"I can knock anybody out" says Hunt after his knock out walk off of Roy Nelson, with such belief he has managed to sustain a career in MMA, at the highest level, what's more astonishing is that with sheer brute force and a granite chin he has managed to stay relevant in a division that's arguably the best it has ever been, his ground game is near enough non-existent and it's easy to see why when he's awkwardly manoeuvring in his opponents guard. He has gone thus far only relying on his striking techniques, which may not be clearly evident on the surface of his brawling style but it's there. It's not luck but heart and determination for a fighter to be where he is now. Which leads me to believe, how much of his resurgence is credited to his new found faith in god?

In his recent interview with Ariel Helwani, Hunt seemed distant and yet willing to share a glimpse of some of the things that were on his mind, constantly jumping from topics and throwing hints of a really tough upbringing. He spoke of turning things around from a negative to a positive, 24 years of fighting experience and still being overlooked, not having a martial arts pedigree, not being able to afford martial arts lessons as a kid. Taking fights on short notice, drinking, partying and doing it just for the money, eventually losing interest in fighting all together. Hunt then talks of the major change in his life, he says "I found Christ, I found faith," he believes fighting was his gift and when asked if he was nearing the end of his career, he pointed out "it’s not up to me, you know, it’s up to god." Reaffirming his belief.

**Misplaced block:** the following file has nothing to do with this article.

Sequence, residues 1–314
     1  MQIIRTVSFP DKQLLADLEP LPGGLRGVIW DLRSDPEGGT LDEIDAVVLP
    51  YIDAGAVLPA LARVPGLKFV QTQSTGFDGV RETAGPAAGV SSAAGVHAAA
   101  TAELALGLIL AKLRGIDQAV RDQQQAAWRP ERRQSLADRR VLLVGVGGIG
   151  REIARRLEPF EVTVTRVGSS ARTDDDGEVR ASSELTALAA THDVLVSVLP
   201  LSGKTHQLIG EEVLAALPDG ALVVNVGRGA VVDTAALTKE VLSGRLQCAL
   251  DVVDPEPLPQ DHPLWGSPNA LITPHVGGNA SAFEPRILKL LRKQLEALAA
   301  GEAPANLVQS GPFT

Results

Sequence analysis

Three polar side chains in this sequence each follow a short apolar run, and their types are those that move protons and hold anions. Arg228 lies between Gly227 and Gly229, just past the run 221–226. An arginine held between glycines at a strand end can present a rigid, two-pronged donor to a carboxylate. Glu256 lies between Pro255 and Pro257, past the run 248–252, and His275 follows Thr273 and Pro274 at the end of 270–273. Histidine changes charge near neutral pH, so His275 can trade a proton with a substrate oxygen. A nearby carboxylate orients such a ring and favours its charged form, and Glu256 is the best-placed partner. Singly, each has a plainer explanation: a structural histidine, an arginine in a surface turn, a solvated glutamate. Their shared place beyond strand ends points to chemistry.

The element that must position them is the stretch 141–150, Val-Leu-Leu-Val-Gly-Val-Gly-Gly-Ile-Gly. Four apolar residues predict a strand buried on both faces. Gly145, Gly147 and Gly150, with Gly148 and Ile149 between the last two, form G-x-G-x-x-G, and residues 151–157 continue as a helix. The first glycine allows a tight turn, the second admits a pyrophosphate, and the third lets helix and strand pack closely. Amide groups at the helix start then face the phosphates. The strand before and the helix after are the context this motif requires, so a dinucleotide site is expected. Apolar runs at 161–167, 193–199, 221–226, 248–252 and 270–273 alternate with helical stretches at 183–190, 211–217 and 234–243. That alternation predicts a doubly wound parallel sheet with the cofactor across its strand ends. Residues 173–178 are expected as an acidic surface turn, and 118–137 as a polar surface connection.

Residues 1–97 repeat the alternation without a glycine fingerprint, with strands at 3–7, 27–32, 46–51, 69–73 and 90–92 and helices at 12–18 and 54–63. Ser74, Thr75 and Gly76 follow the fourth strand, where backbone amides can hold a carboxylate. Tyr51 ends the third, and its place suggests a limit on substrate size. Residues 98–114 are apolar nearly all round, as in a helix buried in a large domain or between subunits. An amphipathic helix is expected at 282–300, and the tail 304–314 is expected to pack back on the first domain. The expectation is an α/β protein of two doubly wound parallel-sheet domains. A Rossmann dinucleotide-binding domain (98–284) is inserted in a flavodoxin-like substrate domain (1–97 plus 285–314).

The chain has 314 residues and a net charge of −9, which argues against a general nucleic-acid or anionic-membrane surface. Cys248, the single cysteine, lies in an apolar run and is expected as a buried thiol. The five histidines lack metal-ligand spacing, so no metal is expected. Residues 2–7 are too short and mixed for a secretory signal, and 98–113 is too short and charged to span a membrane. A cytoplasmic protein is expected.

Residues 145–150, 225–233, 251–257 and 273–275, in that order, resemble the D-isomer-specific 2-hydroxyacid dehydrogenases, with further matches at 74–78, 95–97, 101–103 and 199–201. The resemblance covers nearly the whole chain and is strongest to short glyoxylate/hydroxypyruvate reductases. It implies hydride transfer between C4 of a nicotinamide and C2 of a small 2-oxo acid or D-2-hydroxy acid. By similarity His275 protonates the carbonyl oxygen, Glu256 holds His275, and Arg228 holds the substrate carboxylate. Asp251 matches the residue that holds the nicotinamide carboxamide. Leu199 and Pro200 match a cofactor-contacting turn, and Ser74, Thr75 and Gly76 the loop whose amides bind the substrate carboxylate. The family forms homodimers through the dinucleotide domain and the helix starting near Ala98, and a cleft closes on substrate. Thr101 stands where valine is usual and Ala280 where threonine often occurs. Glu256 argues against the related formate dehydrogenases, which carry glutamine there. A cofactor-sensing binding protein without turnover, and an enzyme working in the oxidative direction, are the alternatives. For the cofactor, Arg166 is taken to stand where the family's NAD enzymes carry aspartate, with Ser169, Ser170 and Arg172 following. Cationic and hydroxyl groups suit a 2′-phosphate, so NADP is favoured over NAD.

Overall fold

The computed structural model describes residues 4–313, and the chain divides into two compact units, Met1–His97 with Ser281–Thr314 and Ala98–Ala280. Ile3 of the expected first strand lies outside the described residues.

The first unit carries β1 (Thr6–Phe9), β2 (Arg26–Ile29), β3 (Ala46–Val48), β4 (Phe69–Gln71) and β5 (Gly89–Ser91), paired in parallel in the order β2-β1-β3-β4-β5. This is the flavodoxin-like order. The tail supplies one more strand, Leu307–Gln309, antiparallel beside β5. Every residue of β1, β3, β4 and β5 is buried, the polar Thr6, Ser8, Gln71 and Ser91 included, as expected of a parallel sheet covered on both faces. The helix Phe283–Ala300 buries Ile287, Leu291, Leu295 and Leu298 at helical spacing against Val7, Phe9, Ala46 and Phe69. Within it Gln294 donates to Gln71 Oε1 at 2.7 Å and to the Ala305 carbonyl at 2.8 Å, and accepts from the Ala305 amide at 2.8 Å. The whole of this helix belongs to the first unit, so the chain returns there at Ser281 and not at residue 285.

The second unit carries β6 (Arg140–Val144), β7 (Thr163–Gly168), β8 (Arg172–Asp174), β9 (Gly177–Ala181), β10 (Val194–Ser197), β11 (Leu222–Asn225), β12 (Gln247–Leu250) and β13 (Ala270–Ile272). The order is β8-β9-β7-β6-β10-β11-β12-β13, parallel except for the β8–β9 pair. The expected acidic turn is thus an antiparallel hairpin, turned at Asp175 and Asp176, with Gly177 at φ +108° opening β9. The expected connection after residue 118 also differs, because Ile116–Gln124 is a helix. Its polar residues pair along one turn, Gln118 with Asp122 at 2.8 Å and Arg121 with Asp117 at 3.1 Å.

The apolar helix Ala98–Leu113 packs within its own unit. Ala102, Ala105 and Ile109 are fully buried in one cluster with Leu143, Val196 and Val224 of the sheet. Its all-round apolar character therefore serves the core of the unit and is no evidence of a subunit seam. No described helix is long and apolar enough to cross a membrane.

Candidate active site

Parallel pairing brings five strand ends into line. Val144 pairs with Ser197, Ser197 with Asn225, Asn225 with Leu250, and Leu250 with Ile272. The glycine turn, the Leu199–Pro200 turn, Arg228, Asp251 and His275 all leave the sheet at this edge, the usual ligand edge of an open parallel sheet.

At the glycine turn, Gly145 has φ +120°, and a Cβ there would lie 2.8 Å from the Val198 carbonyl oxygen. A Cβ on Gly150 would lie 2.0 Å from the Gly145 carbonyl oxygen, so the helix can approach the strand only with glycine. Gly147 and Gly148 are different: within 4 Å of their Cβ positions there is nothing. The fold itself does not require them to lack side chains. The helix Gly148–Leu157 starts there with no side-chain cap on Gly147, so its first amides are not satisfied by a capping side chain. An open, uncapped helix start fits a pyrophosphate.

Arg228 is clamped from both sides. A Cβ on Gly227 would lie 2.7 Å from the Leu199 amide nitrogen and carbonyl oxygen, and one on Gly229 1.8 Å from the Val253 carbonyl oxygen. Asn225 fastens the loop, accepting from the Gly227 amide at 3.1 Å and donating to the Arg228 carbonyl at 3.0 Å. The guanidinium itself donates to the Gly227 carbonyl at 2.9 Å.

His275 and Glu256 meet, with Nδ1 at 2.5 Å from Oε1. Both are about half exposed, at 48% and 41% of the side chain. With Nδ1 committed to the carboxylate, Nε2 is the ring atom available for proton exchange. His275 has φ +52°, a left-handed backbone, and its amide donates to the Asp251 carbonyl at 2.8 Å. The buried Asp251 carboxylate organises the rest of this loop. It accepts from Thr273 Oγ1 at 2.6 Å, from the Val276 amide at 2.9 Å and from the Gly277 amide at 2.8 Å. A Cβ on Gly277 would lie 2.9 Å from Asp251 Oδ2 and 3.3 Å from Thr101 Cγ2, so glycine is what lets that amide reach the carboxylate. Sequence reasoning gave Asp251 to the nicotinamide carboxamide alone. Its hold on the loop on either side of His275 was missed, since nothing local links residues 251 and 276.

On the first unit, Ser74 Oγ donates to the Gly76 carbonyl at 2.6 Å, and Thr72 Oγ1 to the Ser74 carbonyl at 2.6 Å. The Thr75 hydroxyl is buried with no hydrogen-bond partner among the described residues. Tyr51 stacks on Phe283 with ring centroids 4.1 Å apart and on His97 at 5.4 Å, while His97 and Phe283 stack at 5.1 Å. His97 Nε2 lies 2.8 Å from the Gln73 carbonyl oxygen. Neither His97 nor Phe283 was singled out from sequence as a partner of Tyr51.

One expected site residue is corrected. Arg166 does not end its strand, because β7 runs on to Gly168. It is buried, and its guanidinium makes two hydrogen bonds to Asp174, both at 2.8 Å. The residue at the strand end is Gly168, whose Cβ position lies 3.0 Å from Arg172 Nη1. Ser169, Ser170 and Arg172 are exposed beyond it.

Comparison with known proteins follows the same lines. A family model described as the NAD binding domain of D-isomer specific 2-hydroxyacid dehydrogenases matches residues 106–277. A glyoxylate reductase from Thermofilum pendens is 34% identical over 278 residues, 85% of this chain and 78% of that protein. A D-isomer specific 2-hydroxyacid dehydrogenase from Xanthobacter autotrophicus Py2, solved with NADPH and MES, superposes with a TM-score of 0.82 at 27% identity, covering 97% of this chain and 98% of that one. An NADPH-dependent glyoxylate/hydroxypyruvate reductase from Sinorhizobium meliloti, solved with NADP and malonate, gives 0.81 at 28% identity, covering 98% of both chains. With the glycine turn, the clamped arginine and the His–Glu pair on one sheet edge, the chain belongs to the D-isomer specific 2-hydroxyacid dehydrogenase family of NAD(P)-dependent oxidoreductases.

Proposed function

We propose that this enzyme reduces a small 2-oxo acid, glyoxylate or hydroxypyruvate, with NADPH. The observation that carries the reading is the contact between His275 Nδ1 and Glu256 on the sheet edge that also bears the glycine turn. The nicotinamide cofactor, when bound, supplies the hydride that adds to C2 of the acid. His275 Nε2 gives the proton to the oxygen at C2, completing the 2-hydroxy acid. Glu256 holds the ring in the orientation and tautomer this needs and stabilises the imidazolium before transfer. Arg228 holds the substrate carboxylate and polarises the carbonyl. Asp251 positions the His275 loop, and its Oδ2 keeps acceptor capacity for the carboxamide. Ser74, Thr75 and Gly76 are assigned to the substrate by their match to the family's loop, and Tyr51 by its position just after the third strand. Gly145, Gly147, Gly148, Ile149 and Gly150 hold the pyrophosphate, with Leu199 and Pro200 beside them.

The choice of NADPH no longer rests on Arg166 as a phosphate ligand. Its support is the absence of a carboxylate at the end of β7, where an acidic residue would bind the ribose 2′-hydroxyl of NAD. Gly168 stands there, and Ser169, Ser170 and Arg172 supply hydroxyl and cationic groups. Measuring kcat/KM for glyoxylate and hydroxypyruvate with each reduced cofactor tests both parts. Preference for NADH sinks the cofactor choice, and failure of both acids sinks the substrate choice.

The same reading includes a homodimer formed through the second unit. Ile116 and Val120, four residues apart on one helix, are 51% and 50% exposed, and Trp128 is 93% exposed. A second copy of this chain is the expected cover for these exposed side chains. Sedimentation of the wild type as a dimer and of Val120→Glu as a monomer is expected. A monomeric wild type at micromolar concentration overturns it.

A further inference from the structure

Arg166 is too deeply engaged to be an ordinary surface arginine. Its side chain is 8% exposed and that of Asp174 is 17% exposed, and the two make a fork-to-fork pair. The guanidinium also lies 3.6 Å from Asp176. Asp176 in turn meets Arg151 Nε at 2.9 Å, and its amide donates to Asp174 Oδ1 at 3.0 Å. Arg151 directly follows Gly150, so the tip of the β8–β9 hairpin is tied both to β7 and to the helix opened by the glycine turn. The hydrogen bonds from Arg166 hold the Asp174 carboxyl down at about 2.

Religion in sports has always been around, but what's most fascinating, is that there's something profound going on when a fighter reaches that positive and humble mind set. This is not new in MMA nor in sports for that matter, Muhammad Ali famously said before his 1974 bout with George Foreman, "How can I lose with Allah on my side?" Does a strong belief system bring out moments of brilliance when your mind is rest assured that God has your back? The fact is and many atheists would agree that the notion of religion does have an effect on your performance. As long as there's real conviction in the belief and removal of any doubt can boost performance on fight night.